Due to an aged population and a relatively less

favourable mortality pattern, Denmark continues to be

the EU Member State with the highest crude death rate

(Figure 9). Ireland with its relatively young population is

the Member State with the lowest level.

About three­quarters of the EU countries have had a

relatively 'bad' year (Figure 10), with Spain experiencing

the largest in crease in the number of deaths (around

4%). Greece is forecast to see a decrease in the

number of deaths of about 1 %.

8 10 12

PER 1000 POPULATION

Figure 9: Crude death rate, 2002

Figure 10: Deaths, relative change from 2001 to 2002

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Net migration remains high

1950 1960 1970 1980 1990 " Including corrections due to population censuses, register counts, etc. which cannot be

classified as births, deaths or migration

After a period of rather strong decline, the net inflow of

international migrants to the EU increased to 1 150 000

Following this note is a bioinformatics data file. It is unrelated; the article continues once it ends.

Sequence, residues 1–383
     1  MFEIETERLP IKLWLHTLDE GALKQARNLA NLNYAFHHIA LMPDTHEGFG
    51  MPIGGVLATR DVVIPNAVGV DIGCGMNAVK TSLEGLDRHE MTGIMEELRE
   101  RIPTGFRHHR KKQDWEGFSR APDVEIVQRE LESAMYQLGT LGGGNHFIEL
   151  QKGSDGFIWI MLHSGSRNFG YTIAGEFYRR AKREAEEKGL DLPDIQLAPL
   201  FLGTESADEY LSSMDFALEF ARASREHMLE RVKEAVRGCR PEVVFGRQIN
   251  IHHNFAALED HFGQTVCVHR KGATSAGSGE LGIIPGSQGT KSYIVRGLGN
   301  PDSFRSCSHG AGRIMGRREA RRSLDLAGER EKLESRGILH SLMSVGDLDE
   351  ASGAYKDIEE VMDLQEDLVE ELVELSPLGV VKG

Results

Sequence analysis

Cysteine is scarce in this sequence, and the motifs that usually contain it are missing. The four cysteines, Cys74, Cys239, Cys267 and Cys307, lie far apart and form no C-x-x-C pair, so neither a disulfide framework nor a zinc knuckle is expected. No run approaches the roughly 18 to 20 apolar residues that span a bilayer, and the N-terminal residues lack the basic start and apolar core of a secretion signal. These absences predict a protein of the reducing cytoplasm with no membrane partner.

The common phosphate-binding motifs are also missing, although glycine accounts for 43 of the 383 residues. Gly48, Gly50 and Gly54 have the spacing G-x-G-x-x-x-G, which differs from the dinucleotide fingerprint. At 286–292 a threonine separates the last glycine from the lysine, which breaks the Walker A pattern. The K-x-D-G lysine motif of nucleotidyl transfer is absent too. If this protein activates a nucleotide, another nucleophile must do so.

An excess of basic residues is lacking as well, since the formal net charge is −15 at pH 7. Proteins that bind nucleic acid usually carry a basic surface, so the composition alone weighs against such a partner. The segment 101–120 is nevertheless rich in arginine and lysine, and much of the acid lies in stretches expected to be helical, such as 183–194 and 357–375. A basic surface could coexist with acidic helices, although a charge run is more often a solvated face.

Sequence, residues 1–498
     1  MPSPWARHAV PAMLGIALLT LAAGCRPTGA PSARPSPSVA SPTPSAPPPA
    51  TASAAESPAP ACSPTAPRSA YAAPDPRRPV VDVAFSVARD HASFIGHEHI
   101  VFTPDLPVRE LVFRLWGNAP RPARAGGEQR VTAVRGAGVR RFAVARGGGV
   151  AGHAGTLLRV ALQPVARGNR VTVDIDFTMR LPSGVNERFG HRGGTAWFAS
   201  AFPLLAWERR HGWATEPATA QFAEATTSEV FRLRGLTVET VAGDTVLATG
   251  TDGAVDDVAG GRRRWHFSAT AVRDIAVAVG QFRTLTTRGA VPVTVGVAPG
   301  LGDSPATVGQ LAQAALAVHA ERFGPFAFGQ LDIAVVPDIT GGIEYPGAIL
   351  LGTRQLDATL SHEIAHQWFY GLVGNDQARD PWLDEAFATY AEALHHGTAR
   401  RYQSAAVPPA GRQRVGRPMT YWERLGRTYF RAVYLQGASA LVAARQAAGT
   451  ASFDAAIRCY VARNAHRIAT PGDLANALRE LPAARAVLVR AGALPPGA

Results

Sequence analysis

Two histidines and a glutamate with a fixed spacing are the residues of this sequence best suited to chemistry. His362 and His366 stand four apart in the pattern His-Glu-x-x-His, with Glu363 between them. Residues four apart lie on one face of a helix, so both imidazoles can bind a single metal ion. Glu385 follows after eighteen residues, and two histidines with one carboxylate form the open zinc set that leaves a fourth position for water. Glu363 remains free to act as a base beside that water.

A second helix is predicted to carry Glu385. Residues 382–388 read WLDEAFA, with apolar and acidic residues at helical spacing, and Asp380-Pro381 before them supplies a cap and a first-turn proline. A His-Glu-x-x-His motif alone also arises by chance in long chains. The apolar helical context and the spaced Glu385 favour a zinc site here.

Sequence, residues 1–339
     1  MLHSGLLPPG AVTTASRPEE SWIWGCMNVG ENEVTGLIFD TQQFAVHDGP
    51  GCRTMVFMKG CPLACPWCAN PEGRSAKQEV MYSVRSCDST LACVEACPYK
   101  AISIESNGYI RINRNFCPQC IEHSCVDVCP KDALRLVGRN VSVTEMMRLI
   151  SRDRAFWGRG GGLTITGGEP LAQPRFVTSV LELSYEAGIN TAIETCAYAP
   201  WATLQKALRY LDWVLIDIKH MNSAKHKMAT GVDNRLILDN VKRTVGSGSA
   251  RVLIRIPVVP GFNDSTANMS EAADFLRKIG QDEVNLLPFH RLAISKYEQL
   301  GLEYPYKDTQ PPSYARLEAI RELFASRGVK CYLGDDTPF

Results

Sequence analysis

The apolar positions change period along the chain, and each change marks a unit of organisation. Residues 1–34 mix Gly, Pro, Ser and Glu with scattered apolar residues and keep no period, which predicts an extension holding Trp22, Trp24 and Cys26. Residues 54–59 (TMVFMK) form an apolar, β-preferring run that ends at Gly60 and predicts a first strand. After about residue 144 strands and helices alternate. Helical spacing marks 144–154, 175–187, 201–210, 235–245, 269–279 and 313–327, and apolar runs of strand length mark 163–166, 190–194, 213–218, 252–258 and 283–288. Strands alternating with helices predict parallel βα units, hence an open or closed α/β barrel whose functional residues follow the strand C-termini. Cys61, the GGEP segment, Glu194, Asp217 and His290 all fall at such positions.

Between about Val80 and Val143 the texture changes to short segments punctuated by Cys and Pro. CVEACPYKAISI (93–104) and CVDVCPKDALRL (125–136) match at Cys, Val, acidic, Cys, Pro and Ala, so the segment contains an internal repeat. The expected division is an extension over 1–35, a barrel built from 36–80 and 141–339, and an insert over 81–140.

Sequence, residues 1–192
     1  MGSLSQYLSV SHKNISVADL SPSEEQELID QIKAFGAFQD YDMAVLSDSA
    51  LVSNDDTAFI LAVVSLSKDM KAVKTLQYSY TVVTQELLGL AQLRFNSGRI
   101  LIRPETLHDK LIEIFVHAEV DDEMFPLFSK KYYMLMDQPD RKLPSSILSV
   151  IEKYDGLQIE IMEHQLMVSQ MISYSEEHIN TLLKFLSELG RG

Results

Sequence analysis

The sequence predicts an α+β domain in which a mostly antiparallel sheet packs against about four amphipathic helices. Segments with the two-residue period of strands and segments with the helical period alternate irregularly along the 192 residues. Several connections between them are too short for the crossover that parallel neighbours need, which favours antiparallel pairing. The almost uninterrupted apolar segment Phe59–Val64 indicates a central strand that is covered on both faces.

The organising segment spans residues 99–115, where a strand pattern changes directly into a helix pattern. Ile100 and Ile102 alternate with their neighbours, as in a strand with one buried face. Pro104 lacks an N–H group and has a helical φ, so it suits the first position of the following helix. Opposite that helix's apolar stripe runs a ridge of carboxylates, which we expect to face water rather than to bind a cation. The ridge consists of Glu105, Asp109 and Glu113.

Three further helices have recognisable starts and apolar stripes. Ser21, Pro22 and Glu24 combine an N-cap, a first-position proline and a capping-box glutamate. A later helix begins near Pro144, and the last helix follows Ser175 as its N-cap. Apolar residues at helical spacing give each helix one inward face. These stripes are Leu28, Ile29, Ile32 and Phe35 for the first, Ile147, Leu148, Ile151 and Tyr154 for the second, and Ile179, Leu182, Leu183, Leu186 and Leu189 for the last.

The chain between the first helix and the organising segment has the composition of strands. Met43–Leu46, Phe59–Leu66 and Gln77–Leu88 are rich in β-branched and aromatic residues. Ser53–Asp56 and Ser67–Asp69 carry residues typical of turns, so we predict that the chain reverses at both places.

in 2001 (Figure 11). For 2002 net migration is expected

to decrease very slightly to a level of around 1 million

people.

Spain, Italy, the United Kingdom and Germany together

have received around 70% of this net inflow (Figure 12),

although Luxembourg remains the EU country with the

highest relative net migration per 1000 inhabitants.

France and the United Kingdom, on the other hand,

seem to grow less due to net migration than one would

expect considering their population size.

Figure 11: Net migration

1)

, EU-15, 1950-2002

Figure 12: Net migration by Member State, 2002

Statistics in focus

— Theme 3 — 25/2002 ■

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Table 2: Information base for 2002, first estimates 1) COUNTRY Belgium Denmark Germany Greece Spain France Ireland Italy Luxembourg Netherlands Austria Portugal Finland Sweden United Kingdom Iceland Liechtenstein Norway Switzerland Bulgaria Czech Republic Hungary Poland Romania Slovak Republic Slovenia Estonia Latvia Lithuania Cyprus Malta

Monthly data availability (up to and including)

Live births July June June June

September June April August September September December September August June September

September4) August December June September September December September June October September September June September Deaths July June June June